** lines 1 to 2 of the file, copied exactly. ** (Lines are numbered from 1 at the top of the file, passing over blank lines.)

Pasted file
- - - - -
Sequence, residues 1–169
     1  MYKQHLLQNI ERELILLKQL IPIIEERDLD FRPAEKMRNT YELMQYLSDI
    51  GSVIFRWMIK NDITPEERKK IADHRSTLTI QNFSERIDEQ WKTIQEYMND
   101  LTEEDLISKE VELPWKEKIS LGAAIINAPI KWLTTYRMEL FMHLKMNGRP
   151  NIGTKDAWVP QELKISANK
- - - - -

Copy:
Sequence, residues 1–169
     1  MYKQHLLQNI ERELILLKQL IPIIEERDLD FRPAEKMRNT YELMQYLSDI